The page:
I recently attended therapy workshop by Dr. David Burns. Dr. Burns’ book, The Feeling Good Handbook describes a type of therapy that is very similar to what I use with my clients. The Feeling Good Handbook is a long time New York Times bestseller. Dr. Burns was for many years a researcher and professor of psychiatry at the University of Pennsylvania. He is now a visiting professor of psychiatry at the Stanford University School of Medicine. Many of the therapy topics that David Burns addresses are also addressed in my book, Perfect Circle. Even though he is a psychiatrist, Dr. Burns has always been somewhat cautious about the use of anti-depressant medications. In The Feeling Good Handbook he recommended using some anti-depressant medications for short periods of time (up to six months) but then suggested going off of them. He has always felt that the cognitive behavioral therapy as outlined in his books was a superior and safer alternative to medications. I pretty much say the same thing in my book Perfect Circle in chapter “D” of the ISLAND acrostic. That chapter is “Deal with depression and anger”. I believe that anti-depressant medications can be helpful but they should be monitored closely by a psychiatrist if they are going to be used. My main argument is that they are generally safe or you could not have 200 million prescriptions written ever year, and they seem to work dramatically with a small number of my clients.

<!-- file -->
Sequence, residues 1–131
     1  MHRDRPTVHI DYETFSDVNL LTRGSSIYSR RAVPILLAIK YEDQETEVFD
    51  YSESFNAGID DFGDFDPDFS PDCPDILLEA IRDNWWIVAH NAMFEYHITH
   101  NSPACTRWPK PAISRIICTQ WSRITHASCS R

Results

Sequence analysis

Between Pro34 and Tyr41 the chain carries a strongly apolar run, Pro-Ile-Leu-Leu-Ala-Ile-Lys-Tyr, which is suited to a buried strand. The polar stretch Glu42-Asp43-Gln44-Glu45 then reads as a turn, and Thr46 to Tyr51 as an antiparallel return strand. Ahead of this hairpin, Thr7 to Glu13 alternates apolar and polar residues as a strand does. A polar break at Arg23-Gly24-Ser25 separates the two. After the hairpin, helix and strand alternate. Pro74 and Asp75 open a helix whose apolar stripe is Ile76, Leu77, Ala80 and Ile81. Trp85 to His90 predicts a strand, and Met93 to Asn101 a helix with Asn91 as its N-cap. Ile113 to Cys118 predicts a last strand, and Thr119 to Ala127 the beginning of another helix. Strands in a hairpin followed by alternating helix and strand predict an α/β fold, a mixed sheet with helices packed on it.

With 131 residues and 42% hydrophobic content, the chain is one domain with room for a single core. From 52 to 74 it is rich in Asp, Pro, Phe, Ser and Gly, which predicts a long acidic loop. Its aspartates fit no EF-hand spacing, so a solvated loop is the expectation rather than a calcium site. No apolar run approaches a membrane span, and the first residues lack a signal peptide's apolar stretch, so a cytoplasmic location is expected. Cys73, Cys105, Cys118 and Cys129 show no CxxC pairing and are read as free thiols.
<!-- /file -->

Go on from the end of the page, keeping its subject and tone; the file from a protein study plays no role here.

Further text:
At the therapy workshop, Dr. Burns was much emphatic that anti-depressant medications are not any better than placebo (sugar) pills. That is quite a statement for a psychiatrist to make. He bases much of his argument on the work of Irving Kirsch and his book, The Emperor’s New Drugs. Kirsch’s main point is that the drugs don’t really help more than placebo. Both Burn’s and Kirsch argue for empirically based therapies for people with depression. This is certainly worth considering.